Another interesting application of a TSN can be observed through cloud and edge computing as they provide an infrastructure that will improve the functionality IoT technology. The use of deterministic Ethernet through TSNs could theoretically allow for machine control to be executed within a cloud environment, but there isn’t much room for error regarding latency in communication. Even though consumer and industrial applications of cloud-based machine control have different demands in terms of real-time dependency and data consumption, they are still in the foreseeable future if network stability can be established. Private, local clouds have had success in controlling machines, but large public clouds are more concerning with problems such as technical issues, data confidentiality, and security.

Time-sensitive networking is a feasible option for advancing the IIoT as long as it delivers on its promises of speed and security. It will be a major improvement to converge from information technology (IT) to operational technology (OT) in regards to the security and integration of cloud services. Justice states that “The controls industry is conservative and will follow the IT market in a few years after security issues are well-addressed.” The ability of TSNs to connect machines to the cloud and create real-time data messaging and analytics will improve the overall functionality of the IIoT.

 

Read more at: https://www.controldesign.com/articles/2016/how-time-sensitive-networking-enables-the-iiot/?start=4

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An Industrial Strength Web

[fa icon='calendar'] Oct 20, 2015 11:17:08 AM / by Brittney Borowicz posted in data, factory, Featured In, General, IIoT, Industrial Internet, Industrial Internet of Things, infrastructure, Internet of Things, IoT, machinery, plat operations, systems

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As the Internet of Things takes shape, factories of the future will have to be ready to deftly manage a cascade of data — a challenge that will put plant operations, infrastructure, and culture to the test.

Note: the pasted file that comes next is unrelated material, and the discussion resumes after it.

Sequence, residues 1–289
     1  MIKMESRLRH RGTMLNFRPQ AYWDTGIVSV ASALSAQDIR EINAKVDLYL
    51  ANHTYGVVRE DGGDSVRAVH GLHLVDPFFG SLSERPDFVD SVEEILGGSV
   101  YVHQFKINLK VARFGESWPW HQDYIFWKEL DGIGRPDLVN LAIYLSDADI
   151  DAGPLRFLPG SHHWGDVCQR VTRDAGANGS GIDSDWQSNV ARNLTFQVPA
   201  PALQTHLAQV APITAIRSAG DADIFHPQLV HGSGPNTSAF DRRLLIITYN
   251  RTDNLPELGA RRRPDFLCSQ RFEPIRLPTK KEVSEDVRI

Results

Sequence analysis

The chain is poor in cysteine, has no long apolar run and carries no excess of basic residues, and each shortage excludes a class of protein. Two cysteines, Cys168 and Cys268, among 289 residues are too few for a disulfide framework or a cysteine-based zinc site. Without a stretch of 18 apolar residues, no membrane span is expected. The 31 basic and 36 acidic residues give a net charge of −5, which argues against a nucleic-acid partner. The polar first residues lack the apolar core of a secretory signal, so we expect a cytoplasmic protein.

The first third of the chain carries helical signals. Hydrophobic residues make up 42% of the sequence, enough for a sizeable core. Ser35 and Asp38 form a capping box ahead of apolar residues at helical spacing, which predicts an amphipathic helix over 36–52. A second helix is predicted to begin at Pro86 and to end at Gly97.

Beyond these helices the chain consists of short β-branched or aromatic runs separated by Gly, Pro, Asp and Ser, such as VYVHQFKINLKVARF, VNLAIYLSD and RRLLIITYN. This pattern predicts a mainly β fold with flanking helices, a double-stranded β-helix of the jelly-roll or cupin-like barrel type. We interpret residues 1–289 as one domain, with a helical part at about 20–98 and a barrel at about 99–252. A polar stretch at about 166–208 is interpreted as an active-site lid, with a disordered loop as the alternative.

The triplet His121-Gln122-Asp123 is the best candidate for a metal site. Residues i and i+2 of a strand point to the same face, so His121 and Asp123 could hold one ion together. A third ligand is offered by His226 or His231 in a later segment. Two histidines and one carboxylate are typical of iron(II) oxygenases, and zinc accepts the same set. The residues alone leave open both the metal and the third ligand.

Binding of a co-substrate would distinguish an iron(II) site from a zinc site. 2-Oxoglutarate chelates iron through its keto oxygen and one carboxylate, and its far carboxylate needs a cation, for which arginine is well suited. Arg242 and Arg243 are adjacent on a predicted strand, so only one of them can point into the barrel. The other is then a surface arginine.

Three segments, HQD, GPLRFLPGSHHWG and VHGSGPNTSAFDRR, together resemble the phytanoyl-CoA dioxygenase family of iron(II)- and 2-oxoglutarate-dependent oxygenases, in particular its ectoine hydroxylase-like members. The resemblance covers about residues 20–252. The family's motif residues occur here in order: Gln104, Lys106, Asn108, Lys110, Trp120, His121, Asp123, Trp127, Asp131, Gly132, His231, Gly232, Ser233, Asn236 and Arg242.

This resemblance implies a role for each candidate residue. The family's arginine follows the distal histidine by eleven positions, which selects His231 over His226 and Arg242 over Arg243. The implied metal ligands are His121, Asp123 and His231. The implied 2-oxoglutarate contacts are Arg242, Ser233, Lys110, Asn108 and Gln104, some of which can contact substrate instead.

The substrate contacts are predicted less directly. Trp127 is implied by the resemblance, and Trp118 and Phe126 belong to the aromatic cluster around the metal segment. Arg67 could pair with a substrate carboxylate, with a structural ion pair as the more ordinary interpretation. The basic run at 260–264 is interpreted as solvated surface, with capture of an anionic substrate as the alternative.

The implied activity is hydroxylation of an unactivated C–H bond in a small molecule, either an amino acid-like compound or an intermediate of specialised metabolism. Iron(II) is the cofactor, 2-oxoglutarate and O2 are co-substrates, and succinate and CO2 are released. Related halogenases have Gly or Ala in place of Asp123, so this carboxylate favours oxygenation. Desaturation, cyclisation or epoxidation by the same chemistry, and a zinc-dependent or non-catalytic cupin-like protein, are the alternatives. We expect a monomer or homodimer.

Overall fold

Things are due to change on the factory floor. The machinery, systems, and processes manufacturers use to produce goods are on track to gain a digital voice, audible courtesy of the next frontier in digital communications — the Industrial Internet of Things (IIoT). Should that come to pass, industry could be turned on its head.

A subset of the Internet of Things (IOT), a growing web of connected, networked communications devices and products, the IIoT, or Industrial Internet, may be the more practical, “blue-collar” version. It references a future where the very means and tools of production are wired up en masse to produce highly detailed and revealing operational data. From there, the hope is that data can be extracted, crunched, shared, and ultimately leveraged by stakeholders far and wide over potentially vast digital networks.

> To read more, download the PDF here.

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10 Top Challenges Industrial IoT Must Overcome in 2015

[fa icon='calendar'] Dec 30, 2014 9:13:41 AM / by Brittney Borowicz posted in 2015, Featured In, General, IIoT, Industrial Internet of Things, Industrial IoT, Internet of Things, IoT, ROI

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A lot of the excitement and press surrounding the Internet of Things (IoT) centers on home automation, wearable electronics, and other consumer applications. But industrial applications of the IoT, such as predictive maintenance and integration of the supply chain are likely to be the more compelling use cases, at least in terms of ROI. For Industrial IoT (IIoT) to realize its potential, however, it must overcome some substantial challenges.

Here's an industry perspective on what challenges IIoT must overcome in the coming year.

Read more at EE Times or download the PDF now.